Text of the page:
Where should Savannah’s new arena be built? (If we get one)

In a relatively long post earlier this summer — The need for a new arena in Savannah and the next SPLOST vote — I wrote (with emphasis added):

Despite the relatively clear explanations for the lack of money to build the arena or the police headquarters, we’re going to keep hearing people ask, “What happened to the money for the arena?”

It’s pretty simple: because of the deep recession and the way that the SPLOST monies were divided up via the agreement in 2006, we never came even close to raising enough money to pay for a new arena and all the other promised projects.

From Eric Curl’s Savannah arena site consideration spurs outcry in today’s Savannah Morning News:

[Chester] Ellis, the Carver Heights neighborhood leader, said he did not expect the revenue raised from the current sales tax to cover the total cost of the arena’s construction, but he thought it would be enough to get 50 percent done or at least start construction.

“What happened to the money?” he asked.

See above.

Eric’s article is frustrating on a number of levels, but it sure isn’t his fault.

In the article, officials try to downplay the political reality that many urbanites and residents of West Savannah voted for the last SPLOST (the 1 percent sales tax for infrastructure approved in 2006) largely because the city planned to build the new arena off West Gwinnett Street.

Now, years later, with the city not having acquired enough land for that site, there’s still a question about the new arena’s location. A few comments:

  • In part this delay is to blame on the turmoil of the failed experiment of Rochelle Small-Toney’s tenure as Savannah City Manager. Under any sort of organized leadership, a proposed site would have been selected at least two years ago.
  • The city is doing itself no favors to be debating and still studying various sites in the months before the next SPLOST vote.
  • The article notes that city officials would like to see a deal for dividing revenues from the next round of SPLOST to favor the new arena project in the same way that the current, about-to-end SPLOST collection favored the new county jail. This seems like a fair approach, but it might not be the most politically expedient one.

A few thoughts that I’ve shared before about various sites that are apparently still under consideration:

  • The West Gwinnett site: This is still the best option, by far, as far as I’m concerned. The parcels are undeveloped and accessible via several significant roadways. With appropriate paths the site would be accessible to pedestrians and cyclists coming from or going to downtown hotels, restaurants, etc. I doubt that we’ll see the surge in West Savannah investment that some anticipate, but we will likely see some. Also — and this is critical — many voters were led to believe that the Gwinnett site was a done deal; choosing another site will be seen by some as a breach of trust and make it harder for SPLOST to be reapproved this fall. Of course, we have to get the rest of the land somehow.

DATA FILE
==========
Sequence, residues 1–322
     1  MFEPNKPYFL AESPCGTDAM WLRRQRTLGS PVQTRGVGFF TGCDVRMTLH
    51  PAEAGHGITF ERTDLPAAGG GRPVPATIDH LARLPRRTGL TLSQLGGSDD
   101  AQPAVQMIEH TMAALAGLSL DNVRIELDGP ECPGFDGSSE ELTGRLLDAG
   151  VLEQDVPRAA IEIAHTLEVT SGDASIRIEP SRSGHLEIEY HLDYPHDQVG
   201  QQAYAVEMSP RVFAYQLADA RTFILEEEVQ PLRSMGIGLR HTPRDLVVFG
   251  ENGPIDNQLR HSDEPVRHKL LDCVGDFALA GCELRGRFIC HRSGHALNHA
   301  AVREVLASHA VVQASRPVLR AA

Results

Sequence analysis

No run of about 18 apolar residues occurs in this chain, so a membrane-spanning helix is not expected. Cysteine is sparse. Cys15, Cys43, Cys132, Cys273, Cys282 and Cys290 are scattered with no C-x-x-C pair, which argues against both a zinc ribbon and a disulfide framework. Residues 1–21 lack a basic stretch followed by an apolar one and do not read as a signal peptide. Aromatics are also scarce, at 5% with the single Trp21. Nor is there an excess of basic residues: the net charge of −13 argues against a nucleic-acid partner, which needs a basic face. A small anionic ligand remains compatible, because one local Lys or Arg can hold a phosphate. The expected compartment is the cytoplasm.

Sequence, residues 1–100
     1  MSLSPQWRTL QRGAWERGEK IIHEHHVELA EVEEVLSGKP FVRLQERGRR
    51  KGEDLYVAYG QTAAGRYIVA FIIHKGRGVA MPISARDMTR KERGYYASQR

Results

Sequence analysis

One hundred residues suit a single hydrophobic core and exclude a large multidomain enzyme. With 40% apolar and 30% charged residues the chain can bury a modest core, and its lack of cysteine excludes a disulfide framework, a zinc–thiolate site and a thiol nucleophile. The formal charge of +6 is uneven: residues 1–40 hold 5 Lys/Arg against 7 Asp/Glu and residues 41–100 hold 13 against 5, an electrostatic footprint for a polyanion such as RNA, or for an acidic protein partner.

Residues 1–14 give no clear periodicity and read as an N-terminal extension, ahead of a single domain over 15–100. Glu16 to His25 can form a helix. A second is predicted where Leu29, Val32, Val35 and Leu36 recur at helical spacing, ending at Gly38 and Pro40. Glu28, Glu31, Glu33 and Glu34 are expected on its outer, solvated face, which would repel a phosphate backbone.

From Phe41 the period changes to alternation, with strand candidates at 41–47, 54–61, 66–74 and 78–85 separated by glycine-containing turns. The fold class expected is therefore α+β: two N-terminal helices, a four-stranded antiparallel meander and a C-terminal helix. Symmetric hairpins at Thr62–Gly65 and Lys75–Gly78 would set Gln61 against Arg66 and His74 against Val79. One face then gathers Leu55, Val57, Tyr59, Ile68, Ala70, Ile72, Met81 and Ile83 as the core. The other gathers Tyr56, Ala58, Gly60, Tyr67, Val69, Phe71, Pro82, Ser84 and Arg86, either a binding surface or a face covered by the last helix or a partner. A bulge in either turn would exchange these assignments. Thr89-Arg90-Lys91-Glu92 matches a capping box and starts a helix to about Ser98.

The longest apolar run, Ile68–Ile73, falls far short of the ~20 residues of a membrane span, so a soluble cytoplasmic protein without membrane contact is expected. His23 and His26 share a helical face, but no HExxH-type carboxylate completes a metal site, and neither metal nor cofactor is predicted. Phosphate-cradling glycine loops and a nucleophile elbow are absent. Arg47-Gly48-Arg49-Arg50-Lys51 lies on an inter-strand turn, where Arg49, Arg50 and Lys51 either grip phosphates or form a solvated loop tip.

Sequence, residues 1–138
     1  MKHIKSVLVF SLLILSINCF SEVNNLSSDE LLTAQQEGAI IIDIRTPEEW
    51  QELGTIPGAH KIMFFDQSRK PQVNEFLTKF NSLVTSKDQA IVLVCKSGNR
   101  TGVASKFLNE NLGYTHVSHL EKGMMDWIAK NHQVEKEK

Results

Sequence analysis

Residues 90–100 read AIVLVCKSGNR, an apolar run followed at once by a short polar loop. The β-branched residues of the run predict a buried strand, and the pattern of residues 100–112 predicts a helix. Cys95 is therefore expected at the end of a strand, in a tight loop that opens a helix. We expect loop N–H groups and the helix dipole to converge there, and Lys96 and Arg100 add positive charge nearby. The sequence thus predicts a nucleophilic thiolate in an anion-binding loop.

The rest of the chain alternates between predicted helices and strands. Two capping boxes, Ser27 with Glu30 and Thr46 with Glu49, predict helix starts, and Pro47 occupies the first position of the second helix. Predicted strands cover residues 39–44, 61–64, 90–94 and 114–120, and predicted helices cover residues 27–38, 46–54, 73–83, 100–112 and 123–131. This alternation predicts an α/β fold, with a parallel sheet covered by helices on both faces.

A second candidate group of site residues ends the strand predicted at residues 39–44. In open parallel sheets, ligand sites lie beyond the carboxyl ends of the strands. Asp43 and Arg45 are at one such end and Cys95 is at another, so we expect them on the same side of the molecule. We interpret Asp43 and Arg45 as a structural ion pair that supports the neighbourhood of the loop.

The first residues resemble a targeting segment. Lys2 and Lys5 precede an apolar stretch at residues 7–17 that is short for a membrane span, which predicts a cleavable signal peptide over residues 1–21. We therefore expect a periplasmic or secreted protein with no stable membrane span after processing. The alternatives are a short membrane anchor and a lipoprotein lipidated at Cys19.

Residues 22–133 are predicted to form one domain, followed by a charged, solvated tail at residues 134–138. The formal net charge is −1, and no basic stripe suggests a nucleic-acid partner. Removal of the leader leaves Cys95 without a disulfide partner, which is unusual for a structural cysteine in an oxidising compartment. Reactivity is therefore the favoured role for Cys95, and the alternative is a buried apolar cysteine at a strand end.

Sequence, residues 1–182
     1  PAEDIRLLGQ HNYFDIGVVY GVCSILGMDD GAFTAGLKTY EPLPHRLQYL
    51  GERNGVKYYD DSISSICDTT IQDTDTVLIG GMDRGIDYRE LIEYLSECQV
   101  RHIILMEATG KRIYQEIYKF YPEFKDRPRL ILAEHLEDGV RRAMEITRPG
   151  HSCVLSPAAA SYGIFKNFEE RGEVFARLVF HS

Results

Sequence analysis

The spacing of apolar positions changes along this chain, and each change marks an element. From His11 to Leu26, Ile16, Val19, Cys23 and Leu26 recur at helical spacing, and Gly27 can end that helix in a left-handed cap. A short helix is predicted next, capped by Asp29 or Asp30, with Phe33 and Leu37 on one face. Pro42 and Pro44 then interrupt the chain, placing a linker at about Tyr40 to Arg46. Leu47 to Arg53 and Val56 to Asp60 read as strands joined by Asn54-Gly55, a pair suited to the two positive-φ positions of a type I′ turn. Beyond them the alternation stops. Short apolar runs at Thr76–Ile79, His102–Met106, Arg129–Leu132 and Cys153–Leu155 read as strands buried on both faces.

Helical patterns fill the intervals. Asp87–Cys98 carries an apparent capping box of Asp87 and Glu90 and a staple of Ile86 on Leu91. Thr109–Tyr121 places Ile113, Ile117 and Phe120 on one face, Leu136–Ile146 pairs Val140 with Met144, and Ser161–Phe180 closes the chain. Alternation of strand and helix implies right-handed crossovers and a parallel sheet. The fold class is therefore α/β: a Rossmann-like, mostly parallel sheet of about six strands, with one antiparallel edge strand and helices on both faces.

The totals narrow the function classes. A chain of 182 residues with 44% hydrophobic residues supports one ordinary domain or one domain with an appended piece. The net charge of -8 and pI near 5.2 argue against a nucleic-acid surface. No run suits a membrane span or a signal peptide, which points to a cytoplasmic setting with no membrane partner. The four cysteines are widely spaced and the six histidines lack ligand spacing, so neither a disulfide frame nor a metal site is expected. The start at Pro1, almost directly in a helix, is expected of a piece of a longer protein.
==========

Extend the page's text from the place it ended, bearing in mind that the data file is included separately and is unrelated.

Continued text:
• Savannah River Landing: This is obviously a site that could work for a lot of similar reasons to the Gwinnett site: proximity to downtown, the presence of roadways, the chance to spur development, etc. But don’t we want to have as much private development as possible at SRL? Won’t the cost of land acquisition be prohibitive given how much money the current owners have tied up in the site?
  • Rebuilding in place: This is not a lousy idea, but there are a couple of major negatives. First, if the current arena site is demolished, we could see a massive return of valuable land to the private sector and to the tax rolls. We could also recreate some of the destroyed street grid, add to the downtown population, and improve commerce and access in the southwest quadrant of the Landmark Historic District. Also, if we rebuild a new arena on the footprint of the old one, we’ll likely have two years when we will have no arena at all for community events, concerts, etc. Even if Johnny Mercer Theatre is left intact, it’s hard to imagine that major construction right next door would not severely limit its use.
  • A site north of Bay Street on the west side of MLK: Given the current owners in the area (SCAD, the USPS, a hotelier, etc.) and the likelihood of dramatically more development on the west end of River Street when several nearby hotels are completed (including the one at the old Plant Riverside), this seems like a poor and expensive choice that would displace tens of millions in private development.